Change the Display of the Tab Character in PHPStorm

Recently the way the Tab Character is rendered in PHPStorm was changed. The character used to be rendered in a way that allowed you to see the entire tab character. However, after a recent change the tab character now displays as a single >.

The new tab character is likely a welcome change for some. But there are others of us who really appreciated the old rendering. The new rendering does not indicate how much whitespace is taken by the tab character. For this reason I don’t find it helpful and wanted a way to change it back.

Luckily, recently, the JetBrains team threw in a small registry setting to re-enable to old rendering of tab characters. This setting is available in version 2019.3.2. Access this setting by pressing “Shift” + “Shift” while in PHPStorm. Afterwards search for and select the “Registry…” option.

A Comparison of default tab rendering in PHPStorm
A Comparison of styles – it’s nice to have options.

You’ll find the editor.old.tab.painting option about a quarter of the way down the list. Check it to re-enable the old PHPStorm tab rendering. You can breathe freely now.

The location of the editor.old.tab.painting within the registry.
The editor.old.tab.painting option is about a quarter of the way down the list

Chassis.io Timeout Issue

TL:DR -> Try enabling Virtualization in your BIOS.

I’m trying out http://chassis.io as a way to easily setup a WordPress development environment on Windows. It’s actually quite easy and everything works almost exactly like the Chassis Get Started guide describes.

However, I ran into a timeout issue when attempting to boot up the Virtual Machine using vagrant up. On first run the process installed necessary dependencies and wired most things up. However, it hung for a considerable amount of time when booting up the virtual machine. Eventually it told me that it had timed out. It didn’t start the virtual machine.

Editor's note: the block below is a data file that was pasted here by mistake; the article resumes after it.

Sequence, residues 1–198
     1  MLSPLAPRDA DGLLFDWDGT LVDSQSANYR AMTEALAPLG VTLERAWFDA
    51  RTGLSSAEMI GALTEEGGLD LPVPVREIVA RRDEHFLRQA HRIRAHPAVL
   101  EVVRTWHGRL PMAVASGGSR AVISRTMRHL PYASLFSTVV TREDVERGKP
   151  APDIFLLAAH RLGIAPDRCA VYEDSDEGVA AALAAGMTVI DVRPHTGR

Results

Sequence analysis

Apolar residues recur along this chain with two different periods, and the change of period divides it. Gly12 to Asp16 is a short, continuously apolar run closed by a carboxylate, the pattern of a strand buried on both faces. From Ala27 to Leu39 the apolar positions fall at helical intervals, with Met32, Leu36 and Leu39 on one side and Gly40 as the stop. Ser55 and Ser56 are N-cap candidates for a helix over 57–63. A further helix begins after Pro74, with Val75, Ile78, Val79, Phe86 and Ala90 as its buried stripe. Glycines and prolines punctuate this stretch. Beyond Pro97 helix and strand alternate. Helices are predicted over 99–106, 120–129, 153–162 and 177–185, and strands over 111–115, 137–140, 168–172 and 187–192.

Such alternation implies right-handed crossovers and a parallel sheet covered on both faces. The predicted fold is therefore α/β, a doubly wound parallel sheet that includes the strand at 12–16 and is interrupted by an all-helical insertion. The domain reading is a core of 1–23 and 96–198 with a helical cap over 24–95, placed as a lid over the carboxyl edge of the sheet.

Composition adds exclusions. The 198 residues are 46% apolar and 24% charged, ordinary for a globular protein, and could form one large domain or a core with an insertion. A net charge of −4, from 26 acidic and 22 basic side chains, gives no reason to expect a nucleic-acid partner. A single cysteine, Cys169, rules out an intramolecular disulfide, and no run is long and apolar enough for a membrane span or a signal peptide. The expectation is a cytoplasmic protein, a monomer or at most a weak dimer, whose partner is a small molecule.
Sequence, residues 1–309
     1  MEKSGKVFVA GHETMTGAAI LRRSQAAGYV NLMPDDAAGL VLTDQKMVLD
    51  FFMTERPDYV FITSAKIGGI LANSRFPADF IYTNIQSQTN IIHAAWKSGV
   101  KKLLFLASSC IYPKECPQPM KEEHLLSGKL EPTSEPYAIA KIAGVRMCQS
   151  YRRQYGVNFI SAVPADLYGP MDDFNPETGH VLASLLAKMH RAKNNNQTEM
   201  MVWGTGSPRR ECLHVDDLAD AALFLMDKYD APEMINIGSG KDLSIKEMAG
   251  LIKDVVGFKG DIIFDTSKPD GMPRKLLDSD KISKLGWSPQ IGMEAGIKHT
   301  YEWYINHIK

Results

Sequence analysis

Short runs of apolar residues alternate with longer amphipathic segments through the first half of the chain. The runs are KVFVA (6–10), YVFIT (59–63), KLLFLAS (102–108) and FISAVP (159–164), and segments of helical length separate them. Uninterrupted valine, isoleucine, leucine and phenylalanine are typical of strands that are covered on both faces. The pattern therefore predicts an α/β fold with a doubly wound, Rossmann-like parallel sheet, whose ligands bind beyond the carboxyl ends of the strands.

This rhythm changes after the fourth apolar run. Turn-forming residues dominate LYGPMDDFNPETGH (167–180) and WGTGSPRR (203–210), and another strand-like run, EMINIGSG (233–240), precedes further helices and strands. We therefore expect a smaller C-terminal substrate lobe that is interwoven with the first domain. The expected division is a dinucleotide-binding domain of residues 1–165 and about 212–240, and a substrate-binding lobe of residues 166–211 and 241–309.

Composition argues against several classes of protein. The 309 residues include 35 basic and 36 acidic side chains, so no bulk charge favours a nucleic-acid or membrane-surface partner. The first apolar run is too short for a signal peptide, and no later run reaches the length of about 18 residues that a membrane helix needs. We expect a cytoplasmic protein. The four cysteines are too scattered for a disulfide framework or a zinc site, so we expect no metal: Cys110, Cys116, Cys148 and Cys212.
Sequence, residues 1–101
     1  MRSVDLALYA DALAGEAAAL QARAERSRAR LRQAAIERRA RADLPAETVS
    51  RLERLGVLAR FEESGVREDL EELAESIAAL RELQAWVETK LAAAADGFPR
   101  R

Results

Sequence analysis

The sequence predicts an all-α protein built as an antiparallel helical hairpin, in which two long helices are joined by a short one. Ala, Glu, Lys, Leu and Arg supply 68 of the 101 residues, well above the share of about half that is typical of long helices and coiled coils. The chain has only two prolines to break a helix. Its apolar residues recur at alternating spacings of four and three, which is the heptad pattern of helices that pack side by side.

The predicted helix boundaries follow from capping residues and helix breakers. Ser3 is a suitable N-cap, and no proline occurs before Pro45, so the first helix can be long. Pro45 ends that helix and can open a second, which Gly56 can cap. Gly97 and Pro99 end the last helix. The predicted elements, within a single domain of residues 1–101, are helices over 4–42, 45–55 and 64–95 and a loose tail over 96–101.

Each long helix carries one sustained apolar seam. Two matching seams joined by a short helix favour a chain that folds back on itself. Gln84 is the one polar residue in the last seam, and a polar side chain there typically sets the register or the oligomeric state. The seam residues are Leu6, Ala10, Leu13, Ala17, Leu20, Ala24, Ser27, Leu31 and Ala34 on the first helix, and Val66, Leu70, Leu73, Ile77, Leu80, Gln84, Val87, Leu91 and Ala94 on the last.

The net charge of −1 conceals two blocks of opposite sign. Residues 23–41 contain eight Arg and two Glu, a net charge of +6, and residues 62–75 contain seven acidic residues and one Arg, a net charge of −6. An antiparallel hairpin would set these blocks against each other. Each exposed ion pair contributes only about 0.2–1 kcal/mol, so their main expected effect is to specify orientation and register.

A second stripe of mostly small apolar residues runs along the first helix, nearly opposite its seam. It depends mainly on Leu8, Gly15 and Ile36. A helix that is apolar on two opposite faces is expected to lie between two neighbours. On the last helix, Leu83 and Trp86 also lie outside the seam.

VT-x/AMD-V hardware acceleration is not available on your system

Hrmm… I wonder why it’s timing out. Chassis.io uses Vagrant and VirtualBox. So I spun up VirtualBox to see if I could manually start the VM myself. As it turns out, I could not. VirtualBox threw up the following error:

VirtualBox - Error
VT-x/AMD-V hardware acceleration is not available on your system. Your 64-bit guest will fail to detect a 64-bit CPU and will not be able to boot.

Well, that’s nice… (Hint: it’s not nice).

First Try: Disabling Hyper-V

I did some searching. I found a number of posts that indicated the solution was to disable Hyper-V. It sounds like this works for a lot of people. Scott Hanselman actually wrote up a post about how to “Switch easily between VirtualBox and Hyper-V with a BCDEdit boot Entry in Windows 8.1“. I tried this approach. It did not work for me (you can remove a bcdEdit entry using bcdedit /delete {ENTRYGUID} btw).

Second Try: Enabling Virtualization via BIOS

During my search I stumbled upon this SuperUser answer. The answer indicated that, depending on your system, Virtualization could be enabled via the BIOS.

In my case, enabling Virtualization via BIOS involved booting to the UEFI Firmware Settings. I’ve outlined the steps below.

  1. Hold down the Shift key while you click Restart. This will cause your computer to bring up a special menu.

    Hold Down Shift and Restart
    Hold down “SHIFT” and click Restart
  2. Next you need to navigate the option screens to find “UEFI Firmware Settings”
    1. Select “Troubleshoot”
    2. Select “Advanced options”
    3. Select “UEFI Firmware Settings”
    4. Restart

    Steps to UEFI Firmware Settings
    Steps to UEFI Firmware Settings
  3. This will reboot you into your PC’s UEFI settings which looks a lot like a typical BIOS menu.
  4. Enable Virtualization
    Your system may be different. My system had a “Virtualization” setting located under the “Security” tab. Once I located the “Virtualization” setting I noticed that “Intel (R) Virtualization Technology” was indeed set to Disabled. I enabled it, saved the setting, and restarted my machine.

    Enable Virtualization via BIOS
    Enable Virtualization via BIOS

After enabling “Virtualization” I tried to start the VirtualBox VM one more time. BOOM. It worked. I ran vagrant up via a ConEmu console and… success.

In Conclusion

Chassis.io is a pretty sweet project. If your system is setup correctly then Chassis.io “just works”. In my case my system needed “Virtualization” enabled via a UEFI Firmware Setting.

Have a stupendous day! 🙂